Christopher Schardt of Oakland distinctly remembers the day he severed his finger while trying to hop down off a fence last July.
“The top of the fence snagged on my ring and it tore the tissue off my finger," Schardt said.
The 49 year old packed his finger in ice and headed to the emergency room where a doctor gave him one option.
“The only alternative is cut the whole thing off. Literally that was what I was told,”Schardt said.
He decided to quickly get a second opinion, knowing his finger would die without a blood supply.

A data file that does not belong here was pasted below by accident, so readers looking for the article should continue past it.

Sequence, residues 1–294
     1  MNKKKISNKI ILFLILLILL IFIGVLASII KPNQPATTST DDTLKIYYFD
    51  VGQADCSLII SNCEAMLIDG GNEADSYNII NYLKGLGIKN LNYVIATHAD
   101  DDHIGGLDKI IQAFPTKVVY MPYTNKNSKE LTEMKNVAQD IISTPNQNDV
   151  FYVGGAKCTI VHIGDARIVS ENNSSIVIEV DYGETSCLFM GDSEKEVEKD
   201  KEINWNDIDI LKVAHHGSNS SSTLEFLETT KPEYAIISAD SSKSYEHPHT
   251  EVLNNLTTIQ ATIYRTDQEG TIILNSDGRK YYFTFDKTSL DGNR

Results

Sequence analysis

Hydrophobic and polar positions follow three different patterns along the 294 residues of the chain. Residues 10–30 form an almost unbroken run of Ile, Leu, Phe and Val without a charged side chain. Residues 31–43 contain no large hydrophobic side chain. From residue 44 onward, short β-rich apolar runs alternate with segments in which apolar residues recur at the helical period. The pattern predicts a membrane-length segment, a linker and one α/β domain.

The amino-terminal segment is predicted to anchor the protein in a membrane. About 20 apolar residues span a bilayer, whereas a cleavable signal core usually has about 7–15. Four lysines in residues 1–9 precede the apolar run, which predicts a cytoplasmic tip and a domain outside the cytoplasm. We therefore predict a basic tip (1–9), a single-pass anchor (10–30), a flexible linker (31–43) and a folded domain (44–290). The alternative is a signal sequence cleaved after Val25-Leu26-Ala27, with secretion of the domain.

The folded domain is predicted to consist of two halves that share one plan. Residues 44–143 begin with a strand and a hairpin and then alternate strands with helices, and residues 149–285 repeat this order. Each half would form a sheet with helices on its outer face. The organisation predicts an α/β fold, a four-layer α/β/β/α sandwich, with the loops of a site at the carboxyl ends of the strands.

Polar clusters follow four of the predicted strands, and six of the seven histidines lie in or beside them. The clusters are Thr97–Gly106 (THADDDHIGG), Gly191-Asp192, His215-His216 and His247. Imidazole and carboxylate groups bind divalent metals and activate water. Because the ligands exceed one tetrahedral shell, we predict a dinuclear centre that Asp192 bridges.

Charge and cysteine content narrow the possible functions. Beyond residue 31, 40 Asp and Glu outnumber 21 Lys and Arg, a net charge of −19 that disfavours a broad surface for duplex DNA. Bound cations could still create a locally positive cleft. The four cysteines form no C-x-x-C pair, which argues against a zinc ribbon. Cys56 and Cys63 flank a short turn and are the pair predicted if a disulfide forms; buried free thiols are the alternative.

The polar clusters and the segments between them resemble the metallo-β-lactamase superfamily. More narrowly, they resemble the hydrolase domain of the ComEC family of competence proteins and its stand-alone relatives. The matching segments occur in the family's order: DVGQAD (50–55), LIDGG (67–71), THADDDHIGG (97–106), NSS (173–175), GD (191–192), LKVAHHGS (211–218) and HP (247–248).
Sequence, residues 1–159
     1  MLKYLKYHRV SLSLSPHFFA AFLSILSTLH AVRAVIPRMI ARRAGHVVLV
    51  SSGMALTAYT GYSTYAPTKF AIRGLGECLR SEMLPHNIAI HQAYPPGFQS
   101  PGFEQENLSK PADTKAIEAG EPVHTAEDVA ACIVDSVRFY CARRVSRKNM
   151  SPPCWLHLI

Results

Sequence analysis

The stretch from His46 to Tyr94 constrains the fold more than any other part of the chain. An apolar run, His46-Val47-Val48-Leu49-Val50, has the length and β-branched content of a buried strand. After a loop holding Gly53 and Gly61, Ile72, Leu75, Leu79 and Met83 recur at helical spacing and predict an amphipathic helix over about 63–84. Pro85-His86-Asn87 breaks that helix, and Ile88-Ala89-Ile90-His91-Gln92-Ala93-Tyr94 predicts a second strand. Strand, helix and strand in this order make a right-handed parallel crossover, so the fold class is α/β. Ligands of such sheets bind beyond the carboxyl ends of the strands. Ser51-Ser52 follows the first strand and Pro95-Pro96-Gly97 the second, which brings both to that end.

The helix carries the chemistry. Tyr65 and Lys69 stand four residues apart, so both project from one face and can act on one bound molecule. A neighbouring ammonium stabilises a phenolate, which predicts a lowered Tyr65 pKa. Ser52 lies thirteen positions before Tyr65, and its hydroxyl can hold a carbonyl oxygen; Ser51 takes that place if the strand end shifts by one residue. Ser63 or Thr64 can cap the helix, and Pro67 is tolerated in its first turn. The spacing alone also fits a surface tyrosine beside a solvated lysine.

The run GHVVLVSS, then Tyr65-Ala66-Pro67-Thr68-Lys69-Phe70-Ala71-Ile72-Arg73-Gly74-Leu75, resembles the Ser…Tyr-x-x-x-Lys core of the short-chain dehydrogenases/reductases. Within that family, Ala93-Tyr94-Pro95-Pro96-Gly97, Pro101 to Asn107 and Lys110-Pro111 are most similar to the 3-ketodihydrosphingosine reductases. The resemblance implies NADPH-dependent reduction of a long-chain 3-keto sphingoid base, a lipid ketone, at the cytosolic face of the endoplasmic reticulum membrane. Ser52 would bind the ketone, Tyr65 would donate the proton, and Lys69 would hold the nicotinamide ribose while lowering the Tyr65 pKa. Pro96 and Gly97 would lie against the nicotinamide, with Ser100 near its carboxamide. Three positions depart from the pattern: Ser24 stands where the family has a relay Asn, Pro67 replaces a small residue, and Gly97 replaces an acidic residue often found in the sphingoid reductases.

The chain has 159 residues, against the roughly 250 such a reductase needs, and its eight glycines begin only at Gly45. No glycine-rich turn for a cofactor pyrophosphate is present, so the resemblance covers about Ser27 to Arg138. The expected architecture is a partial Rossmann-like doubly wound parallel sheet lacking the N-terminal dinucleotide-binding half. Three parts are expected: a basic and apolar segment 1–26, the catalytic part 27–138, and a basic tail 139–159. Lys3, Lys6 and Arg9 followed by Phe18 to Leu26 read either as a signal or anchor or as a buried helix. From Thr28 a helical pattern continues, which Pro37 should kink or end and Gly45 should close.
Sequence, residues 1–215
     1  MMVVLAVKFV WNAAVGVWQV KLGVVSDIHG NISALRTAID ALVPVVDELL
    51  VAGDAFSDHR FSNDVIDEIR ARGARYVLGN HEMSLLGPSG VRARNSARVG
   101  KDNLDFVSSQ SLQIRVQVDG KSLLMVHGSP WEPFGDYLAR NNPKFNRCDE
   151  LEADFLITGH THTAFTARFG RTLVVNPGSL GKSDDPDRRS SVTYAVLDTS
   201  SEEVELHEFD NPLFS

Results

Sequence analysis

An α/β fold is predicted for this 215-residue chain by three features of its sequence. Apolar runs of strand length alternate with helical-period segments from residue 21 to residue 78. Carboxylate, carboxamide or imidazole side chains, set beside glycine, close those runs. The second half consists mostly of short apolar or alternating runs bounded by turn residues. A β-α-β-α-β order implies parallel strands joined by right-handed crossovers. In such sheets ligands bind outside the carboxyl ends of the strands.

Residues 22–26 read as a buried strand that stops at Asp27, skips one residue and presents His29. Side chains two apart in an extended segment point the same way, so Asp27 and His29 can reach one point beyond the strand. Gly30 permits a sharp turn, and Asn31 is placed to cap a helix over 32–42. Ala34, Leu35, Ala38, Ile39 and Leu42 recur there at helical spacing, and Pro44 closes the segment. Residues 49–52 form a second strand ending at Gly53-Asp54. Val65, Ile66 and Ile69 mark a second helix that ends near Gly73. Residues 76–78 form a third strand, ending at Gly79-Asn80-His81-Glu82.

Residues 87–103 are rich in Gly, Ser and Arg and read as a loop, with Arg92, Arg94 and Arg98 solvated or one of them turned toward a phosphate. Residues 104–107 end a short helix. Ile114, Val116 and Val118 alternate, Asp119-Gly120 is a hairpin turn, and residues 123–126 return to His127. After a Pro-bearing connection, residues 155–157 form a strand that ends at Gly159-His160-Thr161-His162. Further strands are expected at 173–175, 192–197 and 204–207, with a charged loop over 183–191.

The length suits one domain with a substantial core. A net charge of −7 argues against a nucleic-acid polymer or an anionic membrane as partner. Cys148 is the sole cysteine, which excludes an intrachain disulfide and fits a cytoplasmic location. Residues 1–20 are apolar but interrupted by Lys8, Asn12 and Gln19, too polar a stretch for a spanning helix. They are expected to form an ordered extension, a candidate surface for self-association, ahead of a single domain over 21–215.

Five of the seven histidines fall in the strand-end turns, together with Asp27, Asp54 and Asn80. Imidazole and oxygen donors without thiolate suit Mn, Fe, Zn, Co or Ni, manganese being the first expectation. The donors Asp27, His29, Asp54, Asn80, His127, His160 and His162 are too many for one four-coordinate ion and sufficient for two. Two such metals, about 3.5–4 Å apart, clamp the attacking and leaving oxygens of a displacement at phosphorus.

He came to the Buncke Clinic in San Francisco, known for pioneering the field of microsurgery.
Hand surgeon Dr. Bauback Safa reattached Schardt's finger using a skin graph from his own forearm to restore blood flow to his finger.
Then Dr. Safa used a new approach. He implanted a processed cadaver nerve.
The new procedure spared Schardt from a second surgery to retrieves nerve from his foot which would have left that area numb.
“With the new option using cadaver nerves you don’t have to use a donor site from the foot and the operating time is much less”, Dr. Safa said.
The procedure worked.
Six months later Schardt has sensation in his finger and the computer programmer can type on his computer. He can also play the piano again.
“I’m just grateful I still have a finger,” Schardt said.